The beating is part of a deliberate campaign by the INLA to sideline its rivals which so far has worked. The IRA did not respond (political considerations means it has to be discreet about using violence) and the INLA is now collecting cash that has traditionally gone to the Provisionals.

One of the IRA's most valuable volunteers in Dublin over the last 30 years recently defected to the INLA in a move which shocked both Sinn Fein and the IRA. He was an expert on financing the movement.

Because of the INLA's links with foreign arms dealers, forged through 30 years of the troubles, the group has access to a deadly arsenal of weapons and is not afraid to use them. For example, a senior INLA commander became involved in a minor dispute with a petty criminal last June and threw a hand grenade at his home in the south-inner city.

Nobody was injured in the attack. Just weeks later another grenade attack occurred at a house on Slane Road in Crumlin following the death of an inmate in Mountjoy prison. Garda forensic experts linked these two incidents and an investigation determined that the INLA sold a south-Dublin criminal gang the device for around 2,500.

The two grenades were part of a batch smuggled by the INLA from the former Yugoslavia and it is feared that they could control dozens of the devices and are selling them to Dublin gangs in a lucrative sideline.

A specialist garda unit has been set up to investigate the huge increase in pipe bomb and grenade attacks and the army bomb disposal unit was called out on 16 separate occasions in just six weeks last summer.

The extent of the criminal activities of the INLA is not only concerning senior gardai but it is also beginning to have political consequences. In the most recent report of the Independent Monitoring Commission (IMC) last November, the organisation was named as being involved in protection rackets as well as offering its services to organised crime gangs, most especially in Dublin.

If the current degree of criminality continues there is speculation that the IMC will have little option but to declare the INLA's ceasefire as being over. Money raised in Dublin gets sent to the INLA leadership in Belfast and is used to run the organisation there.

Garda sources say that the core membership of the INLA only runs to around 20 individuals.

The organisation is most active in Tallaght, Blanchardstown and Finglas but operates across the city. Detectives say that the INLA has taken advantage of the void left by the weakening of the IRA since the peace process. The group has exploited the demise of several major criminal gangs over the last two years as an opportunity to make serious money.

Gardai say that unlike the IRA there is no political aim or doctrine behind the INLA other than to make as much money as possible. They say that they are now more feared than the Provos in Dublin and will quickly grow far bigger if they are left unchecked.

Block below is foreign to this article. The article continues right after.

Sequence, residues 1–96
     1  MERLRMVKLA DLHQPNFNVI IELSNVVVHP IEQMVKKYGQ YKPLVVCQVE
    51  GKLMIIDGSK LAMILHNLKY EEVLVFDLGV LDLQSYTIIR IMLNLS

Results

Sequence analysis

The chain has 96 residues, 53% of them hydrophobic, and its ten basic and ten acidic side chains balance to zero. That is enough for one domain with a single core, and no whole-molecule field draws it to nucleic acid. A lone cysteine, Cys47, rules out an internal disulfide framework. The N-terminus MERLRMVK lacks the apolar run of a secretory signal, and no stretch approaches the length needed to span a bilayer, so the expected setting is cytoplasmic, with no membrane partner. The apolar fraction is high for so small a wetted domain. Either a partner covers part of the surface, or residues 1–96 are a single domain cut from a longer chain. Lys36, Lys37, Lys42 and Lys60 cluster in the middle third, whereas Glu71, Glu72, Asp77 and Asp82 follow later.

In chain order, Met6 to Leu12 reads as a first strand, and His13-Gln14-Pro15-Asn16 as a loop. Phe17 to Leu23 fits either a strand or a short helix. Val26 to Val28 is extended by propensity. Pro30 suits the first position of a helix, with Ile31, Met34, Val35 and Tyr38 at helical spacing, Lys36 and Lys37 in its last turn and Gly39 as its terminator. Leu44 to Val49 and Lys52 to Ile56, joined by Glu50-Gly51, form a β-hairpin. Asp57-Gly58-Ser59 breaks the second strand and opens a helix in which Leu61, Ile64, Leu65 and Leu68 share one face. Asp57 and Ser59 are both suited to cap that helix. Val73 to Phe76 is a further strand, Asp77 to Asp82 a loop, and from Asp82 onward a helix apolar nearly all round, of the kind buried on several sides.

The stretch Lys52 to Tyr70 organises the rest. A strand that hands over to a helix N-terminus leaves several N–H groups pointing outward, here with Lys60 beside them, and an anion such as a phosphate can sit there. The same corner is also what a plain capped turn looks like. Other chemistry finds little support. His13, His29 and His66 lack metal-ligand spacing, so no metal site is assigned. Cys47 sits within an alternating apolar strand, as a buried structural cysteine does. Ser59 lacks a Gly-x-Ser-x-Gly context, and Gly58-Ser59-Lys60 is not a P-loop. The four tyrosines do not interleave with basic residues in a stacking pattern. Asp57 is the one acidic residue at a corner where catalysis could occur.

Duffy's history of no mercy THE man reputedly in charge of the INLA's Dublin unit is 33-year-old Declan "Whacker" Duffy. Duffy, who is from Armagh, re-assumed control of the organisation when he was released from prison last February after he completed a nine-year sentence for his role in the so-called 'Ballymount Bloodbath' in 1999. The INLA took six men hostage when they went to a factory in the Ballymount industrial estate to demand money from the owner.

The men were viciously tortured and transported to a van. Twelve of their friends then arrived, after which a massive brawl ensued. INLA volunteer Patrick 'Bo' Campbell died after being struck with a machete. Duffy, who had wanted to shoot one hostage, was in charge of the operation.

He was convicted on the strength of a note to the INLA leadership that was discovered in his possession detailing exactly what happened at the warehouse.

While serving his sentence in Castlerea, Duffy worked as the bodyguard of notorious INLA murderer Dessie O'Hare, the 'Border Fox'. Gardai believe that O'Hare works as an enforcer for Duffy, using his reputation for extreme violence to collect drug debts and extort money. Duffy had been out of prison less than six months before he came to the attention of the authorities. Last August the Garda Special Branch received a tip-off that a man had been kidnapped and was being held hostage at a house on Cushlawn Drive in Tallaght. When armed detectives raided the house they discovered a 21-year-old man bound and gagged lying naked in the bath upstairs. He was in agony and covered in blood, having been attacked with a wheel-brace and a broom handle. The torture had lasted hours. The victim was a son of a small West Dublin businessman from whom the gang was trying to extort money. Nine people, including Duffy, were arrested in a downstairs room. Gardai believe that those in the house were an active INLA service unit. The man was so scared of the gang that he refused to make a complaint. A file on the incident has been sent to the Director of Public Prosecutions.